We all know the saying "You are what you eat", but I think what we put ON our body is just as important as what we put IN our body.
What you put into your body through your mouth gets filtered through your liver before it enters your blood stream. What you put on your skin, your largest organ, goes directly into your blood stream.
This is why it is so important to start to turn your beauty routine into a green routine.
With over 10,500 ingredients used in cosmetic and skin care products, we only should be using skin care products that are synthetic free, natural or organic.
You should stay away with the following chemicals for your health and well being.
1. Triclosan-is a common antimicrobial agent that accumulates in our bodies and has been linked to hormone disruption and the emergence of bacteria resistant to antibiotics and antibacterial products. Along with its negative health effects, triclosan also impacts the environment, ending up in lakes, rivers and other water sources, where it is toxic to aquatic life.
2.Sythetic Musks-Synthetic musks are a large, poorly-studied class of chemicals added as scents to cosmetics, including perfumes, lotions and many other personal care products. Several studies suggest some of these compounds may disrupt hormone systems or trigger skin sensitization when exposed to UV light (i). Synthetic musks identified in fragrances have been found in the cord blood of newborn babies (ii), as well as in blood, breast milk and body fat.
3. Formaldehyde and Formaldehyde Releasing Preservatives-Formaldehyde and formaldehyde-releasing preservatives are used in many personal care products (i), particularly in shampoos and liquid body soaps. These chemicals help prevent bacteria from growing in water-based products, but can be absorbed through the skin and have been linked to both skin sensitivity and cancer.
4. 1, 4-dioxane-Very few, if any, cosmetics or personal care products list 1,4-dioxane as an ingredient (i), even though an analysis by Campaign for Safe Cosmetics co-founder the Environmental Working Group suggests that it may be found in 22 percent of the more than 25,000 products in the Skin Deep database of cosmetics products (ii). That's because 1,4-dioxane is a frequent contaminant of common cosmetics ingredients (iii), but as a contaminant it is not listed among intentionally added ingredients.
5. Hydroquinone-Usually associated with use in skin lighteners, hydroquinone may also be a contaminant in other cosmetics ingredients. It's one of the worst ingredients used in personal care products and may disproportionately affect women of color, who are more likely to be exposed to hydroquinone if they use skin lightening products.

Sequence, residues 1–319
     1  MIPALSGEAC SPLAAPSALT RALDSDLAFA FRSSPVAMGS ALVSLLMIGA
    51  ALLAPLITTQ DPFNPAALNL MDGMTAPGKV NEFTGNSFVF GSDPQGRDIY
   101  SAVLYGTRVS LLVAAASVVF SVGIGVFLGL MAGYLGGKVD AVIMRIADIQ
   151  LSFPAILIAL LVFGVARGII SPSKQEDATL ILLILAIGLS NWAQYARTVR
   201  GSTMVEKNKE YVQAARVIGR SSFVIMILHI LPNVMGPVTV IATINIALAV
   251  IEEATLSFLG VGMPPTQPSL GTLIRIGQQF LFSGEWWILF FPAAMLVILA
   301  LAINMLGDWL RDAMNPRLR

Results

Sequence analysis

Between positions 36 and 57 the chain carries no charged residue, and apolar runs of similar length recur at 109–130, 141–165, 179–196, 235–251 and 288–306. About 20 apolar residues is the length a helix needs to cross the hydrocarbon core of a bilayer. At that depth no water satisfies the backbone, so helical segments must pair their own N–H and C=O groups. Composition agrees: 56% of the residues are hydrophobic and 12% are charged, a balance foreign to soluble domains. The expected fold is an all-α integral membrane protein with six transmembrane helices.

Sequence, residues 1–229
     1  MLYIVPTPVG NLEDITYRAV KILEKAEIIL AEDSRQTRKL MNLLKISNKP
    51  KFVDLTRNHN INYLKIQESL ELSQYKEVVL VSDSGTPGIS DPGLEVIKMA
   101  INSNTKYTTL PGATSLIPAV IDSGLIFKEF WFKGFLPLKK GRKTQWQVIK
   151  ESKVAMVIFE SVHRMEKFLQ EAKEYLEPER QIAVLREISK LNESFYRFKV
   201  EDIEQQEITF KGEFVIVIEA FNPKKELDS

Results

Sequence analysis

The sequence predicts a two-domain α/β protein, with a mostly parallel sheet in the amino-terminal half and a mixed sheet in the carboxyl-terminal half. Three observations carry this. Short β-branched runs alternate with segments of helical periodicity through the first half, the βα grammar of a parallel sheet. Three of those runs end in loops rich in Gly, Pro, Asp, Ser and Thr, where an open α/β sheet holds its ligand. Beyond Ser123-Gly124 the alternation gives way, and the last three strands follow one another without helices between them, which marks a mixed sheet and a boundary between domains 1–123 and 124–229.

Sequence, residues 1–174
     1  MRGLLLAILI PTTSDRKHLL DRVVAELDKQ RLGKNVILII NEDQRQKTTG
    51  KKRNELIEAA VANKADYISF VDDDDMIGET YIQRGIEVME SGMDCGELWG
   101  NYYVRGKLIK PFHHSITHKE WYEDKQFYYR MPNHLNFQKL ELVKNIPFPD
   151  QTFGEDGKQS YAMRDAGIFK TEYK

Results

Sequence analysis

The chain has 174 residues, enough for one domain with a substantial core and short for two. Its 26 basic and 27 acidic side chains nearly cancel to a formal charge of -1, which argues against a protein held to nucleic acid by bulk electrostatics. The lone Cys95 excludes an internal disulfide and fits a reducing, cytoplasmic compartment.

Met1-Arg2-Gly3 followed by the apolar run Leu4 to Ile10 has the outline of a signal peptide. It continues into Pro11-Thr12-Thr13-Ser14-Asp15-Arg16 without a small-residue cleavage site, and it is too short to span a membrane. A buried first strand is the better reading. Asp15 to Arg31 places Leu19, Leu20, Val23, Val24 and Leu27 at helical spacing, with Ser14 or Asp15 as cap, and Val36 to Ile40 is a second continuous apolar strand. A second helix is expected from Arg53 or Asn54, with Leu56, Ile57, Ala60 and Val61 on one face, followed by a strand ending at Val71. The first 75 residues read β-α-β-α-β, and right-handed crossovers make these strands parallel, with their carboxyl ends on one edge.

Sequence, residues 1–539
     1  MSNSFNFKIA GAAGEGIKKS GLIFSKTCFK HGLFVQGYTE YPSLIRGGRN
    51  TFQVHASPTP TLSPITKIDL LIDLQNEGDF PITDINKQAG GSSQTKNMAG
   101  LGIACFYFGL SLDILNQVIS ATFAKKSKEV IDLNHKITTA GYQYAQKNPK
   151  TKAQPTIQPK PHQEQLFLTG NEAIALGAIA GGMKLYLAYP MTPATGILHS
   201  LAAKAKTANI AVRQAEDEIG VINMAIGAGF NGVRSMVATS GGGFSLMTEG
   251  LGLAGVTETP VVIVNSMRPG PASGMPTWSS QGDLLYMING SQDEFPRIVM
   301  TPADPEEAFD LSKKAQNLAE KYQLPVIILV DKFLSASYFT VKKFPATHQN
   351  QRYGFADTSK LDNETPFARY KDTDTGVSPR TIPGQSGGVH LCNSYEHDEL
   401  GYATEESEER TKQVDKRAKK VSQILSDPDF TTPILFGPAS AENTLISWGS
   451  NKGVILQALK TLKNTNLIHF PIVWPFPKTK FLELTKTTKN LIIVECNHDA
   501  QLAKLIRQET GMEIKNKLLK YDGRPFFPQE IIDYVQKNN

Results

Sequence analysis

6. Phalates-One billion tons of phthalates are produced worldwide each year. Phthalates are used in a variety of common consumer products: they soften vinyl plastics that are common in toys, are responsible for the smell of new vinyl shower curtains and are a frequent component of fragrances used in air fresheners, detergents, cleaning products and more. They show up in cosmetics to hold color and scents, and have also been found in nail polish and treatments. Two decades of research suggest that phthalates disrupt hormonal systems, which can cause harm during critical periods of development.
7. Parabens-Parabens are used to prevent the growth of microbes in cosmetic products and can be absorbed through the skin, blood and digestive system (i). They have been found in biopsies from breast tumors (ii) at concentrations similar to those found in consumer products (iii). Parabens are found in nearly all urine samples from U.S. adults of a variety of ethnic, socioeconomic and geographic backgrounds (iv). Of greatest concern is that parabens are known to disrupt hormone function, an effect that is linked to increased risk of breast cancer and reproductive toxicity.
8. Lead and Other Heavy Metals-A number of metals, including lead, arsenic, mercury, aluminum, zinc, chromium and iron are found in cosmetics ranging from lipstick to whitening toothpaste, eyeliner, nail color and more. Metals have various properties in the body. For instance, iron is necessary for blood oxygenation. However, at higher accumulations, metal may have negative effects. Cancerous breast biopsies show higher accumulations of iron, nickel, chromium, zinc, cadmium, mercury and lead than non-cancerous biopsies, and several metals act like estrogen in the presence of some breast cancer cells (iii).
9. Nitrosamines-The UK Department of Trade and Industry (now the Department of Business, Enterprise and Regulatory Reform) characterizes nitrosamines as more toxic in more animal species than any other category of chemical carcinogen (i). Nitrosamines are common in cosmetics, but because they are impurities, they are not listed on product labels. Numerous studies and databases link nitrosamines to cancer. They are listed as possible human carcinogens by the U.S. Environmental Protection Agency, the International Agency for Research on Cancer, the U.S. National Toxicology Program Report on Carcinogens and the California EPA Proposition 65 list of chemicals known to cause cancer or birth defects. In addition, there is some evidence of endocrine disruption at very low doses. Studies have also linked nitrosamines to developmental or reproductive toxicity, immunotoxicity, neurotoxicity and systemic toxicity.
10. Sulfates- Sodium lauryl sulfate, a detergent thats in approximately 90% of commercial shampoos. Also known as sodium dodecyl sulfate (SDS), sodium laureth sulfate (SLES), and sodium laurel sulfate (SLS). Studies show this chemical has been shown to cause:
- Irritation of the skin and eyes
- Organ toxicity
- Developmental/reproductive toxicity
- Neurotoxicity, endocrine disruption, ecotoxicology, and biochemical or cellular changes
- Possible mutations and cancer